This post is different.
Usually, when I share something, it’s from a rearview perspective—I’ve experienced something, learned a lesson or had an “a-ha” moment and I want to share it with you.
This post is different.
I am very much in the midst of the circumstances I’m sharing today. I don’t know how this story will end, but I feel God prompting me to share the journey, not just the final destination.
For the past six months, I’ve battled minor health issues and major anxiety brought on by those health issues. This battle has robbed me of more joy, contentment, memories and emotional wellbeing than I care to think about. It’s made me a mediocre wife and a mom with a short fuse (at best). It’s caused me to throw myself into my job—because work is (usually) something I can control, unlike my emotions these days.
Last week, everything started to fall apart. I went to the doctor for a (minor) issue and came home with more questions than answers and a body so wracked with fear, stress and anxiety that I was barely able to function. What followed for the next seven days were more inconclusive tests, pain radiating throughout my entire body, one epic meltdown in front of my husband and a child who missed show and tell day.
And that job I thought I could control? I cancelled meetings, moved a final exam and made careless errors.
At multiple points during the week, I cried out to God, begging him to “show Himself” and “help me.” These are prayers I’ve prayed hundreds of times over the past six months. Mostly, I’ve heard nothing in reply.
Sometimes God is unexplainably silent; and while His silence is never due to lack of caring or love, it may not be for us to comprehend this side of Heaven.
In my desperation last week, I remembered the story of the persistent widow in Luke 18:1-8. The widow petitioned a judge—who was neither a Christian nor a good man—for justice. He refused her request for a while, but after a period of time, she wore him down and he granted her request.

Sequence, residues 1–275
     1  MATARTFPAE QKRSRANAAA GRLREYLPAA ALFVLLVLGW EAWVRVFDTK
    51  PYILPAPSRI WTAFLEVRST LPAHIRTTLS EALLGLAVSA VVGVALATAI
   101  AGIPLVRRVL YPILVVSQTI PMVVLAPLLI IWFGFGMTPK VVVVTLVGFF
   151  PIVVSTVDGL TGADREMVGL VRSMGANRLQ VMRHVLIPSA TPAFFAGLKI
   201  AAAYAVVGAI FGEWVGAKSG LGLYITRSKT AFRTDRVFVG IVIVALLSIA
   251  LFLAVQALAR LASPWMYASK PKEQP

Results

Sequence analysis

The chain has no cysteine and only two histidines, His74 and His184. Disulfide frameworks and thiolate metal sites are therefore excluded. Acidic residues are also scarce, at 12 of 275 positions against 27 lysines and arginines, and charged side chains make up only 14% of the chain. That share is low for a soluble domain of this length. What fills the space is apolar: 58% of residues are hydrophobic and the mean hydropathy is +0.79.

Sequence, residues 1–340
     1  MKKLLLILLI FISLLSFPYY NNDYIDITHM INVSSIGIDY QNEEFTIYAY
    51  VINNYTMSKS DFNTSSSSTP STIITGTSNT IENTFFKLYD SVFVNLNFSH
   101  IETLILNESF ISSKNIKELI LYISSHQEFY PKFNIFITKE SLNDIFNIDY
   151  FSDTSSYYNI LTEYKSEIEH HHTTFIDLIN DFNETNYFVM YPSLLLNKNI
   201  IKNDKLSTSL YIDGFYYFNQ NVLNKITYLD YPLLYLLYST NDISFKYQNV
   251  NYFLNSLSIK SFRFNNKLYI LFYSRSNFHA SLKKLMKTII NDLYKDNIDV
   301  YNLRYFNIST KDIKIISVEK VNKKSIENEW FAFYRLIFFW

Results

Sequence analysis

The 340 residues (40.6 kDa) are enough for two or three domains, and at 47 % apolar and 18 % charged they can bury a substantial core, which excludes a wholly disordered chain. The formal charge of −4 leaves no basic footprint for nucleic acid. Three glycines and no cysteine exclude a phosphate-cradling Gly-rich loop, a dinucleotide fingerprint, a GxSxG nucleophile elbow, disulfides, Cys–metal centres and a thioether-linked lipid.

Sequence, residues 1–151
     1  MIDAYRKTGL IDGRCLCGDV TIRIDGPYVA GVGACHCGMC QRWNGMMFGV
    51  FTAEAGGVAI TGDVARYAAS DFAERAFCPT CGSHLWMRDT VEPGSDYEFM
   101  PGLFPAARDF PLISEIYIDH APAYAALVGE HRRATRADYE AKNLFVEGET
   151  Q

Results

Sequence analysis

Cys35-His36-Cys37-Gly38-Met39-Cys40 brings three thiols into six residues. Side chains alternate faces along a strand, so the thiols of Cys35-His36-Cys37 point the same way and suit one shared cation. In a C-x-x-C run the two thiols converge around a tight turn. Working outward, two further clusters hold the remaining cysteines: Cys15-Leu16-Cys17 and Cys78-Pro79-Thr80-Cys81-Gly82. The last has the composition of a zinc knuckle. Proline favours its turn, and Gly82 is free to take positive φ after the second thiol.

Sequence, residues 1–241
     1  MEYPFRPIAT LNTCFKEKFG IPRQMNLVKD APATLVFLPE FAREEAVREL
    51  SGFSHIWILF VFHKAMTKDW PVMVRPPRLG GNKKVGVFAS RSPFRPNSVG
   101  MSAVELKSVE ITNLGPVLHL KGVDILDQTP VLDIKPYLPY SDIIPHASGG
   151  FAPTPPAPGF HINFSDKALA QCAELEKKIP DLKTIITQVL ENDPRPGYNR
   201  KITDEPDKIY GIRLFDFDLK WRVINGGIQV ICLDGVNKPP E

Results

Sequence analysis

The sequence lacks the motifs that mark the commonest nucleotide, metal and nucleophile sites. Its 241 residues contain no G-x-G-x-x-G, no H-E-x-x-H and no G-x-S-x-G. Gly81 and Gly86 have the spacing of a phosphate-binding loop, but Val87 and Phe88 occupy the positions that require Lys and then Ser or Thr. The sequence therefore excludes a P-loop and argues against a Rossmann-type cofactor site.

Jesus used this parable to encourage the disciples to pray and not give up, saying in Luke 18:7 “will not God bring justice for His chosen ones who cry out to him day and night? Will he keep putting them off? I tell you, He will see that they get justice, and quickly.”
So, I kept praying. I’M STILL PRAYING. I’m claiming the promises of Hebrews 4:14-16. I’m trusting that Jesus is interceding for me before God and I’m approaching the throne of grace with confidence. I’m also choosing to believe Psalm 41:3 and 42:11—that the Lord will restore me to full health and my downcast soul will yet praise Him.
And when those promises seem empty, I’m focusing on the ways that God has shown up in my life over the past year: the lump in my breast that they literally COULD NOT FIND on an ultrasound or mammogram, the pre-cancerous mole that was removed without need for further treatment (save annual mole checks) and my father-in-law, who was diagnosed with stage three Hodgkin’s Lymphoma in August 2018, ended chemo last month and as I write this is playing at the beach with my boys.
When circumstances cause us to doubt God and His goodness, we must call to mind His promises, remember His history of faithfulness in our lives and above all else, we must NEVER STOP PRAYING.
I’m currently reading Jennie Allen’s “Made For This.” In it, she talks about praying an “anything” prayer…of “laying your life in the hands of a reckless, invisible God,” because our time on this earth is short and pointing others to HIM is all that truly matters.
This post is my anything prayer.
This is my testimony in the midst of trial that God is who He says He is. That He is good regardless of what my circumstances tell me. That HE WILL COME THROUGH…if not in this life, then the one to come.
Today, I go back to the doctor to ask for more tests…
I DON’T KNOW HOW THIS STORY IS GOING TO END, BUT I TRUST GOD WITH THE OUTCOME.
If you find yourself in similar circumstances today, know that you are not alone. I see you. I feel your pain, both physical and emotional; and I’m sorry.
In her book, “It’s Not Supposed To Be This Way,” Lysa Terkeurst says:
“Perfection intimidates. Compassion inspires. And in that you will finally find the why. Why did this happen? Because there’s someone else in the world who would drown in their own tears if not for seeing yours. And when you make one other human simply see they are not along, you make the world a better place.”
We may never know the reason for some of the suffering we experience, but our questions and our tears can unite us if we let them.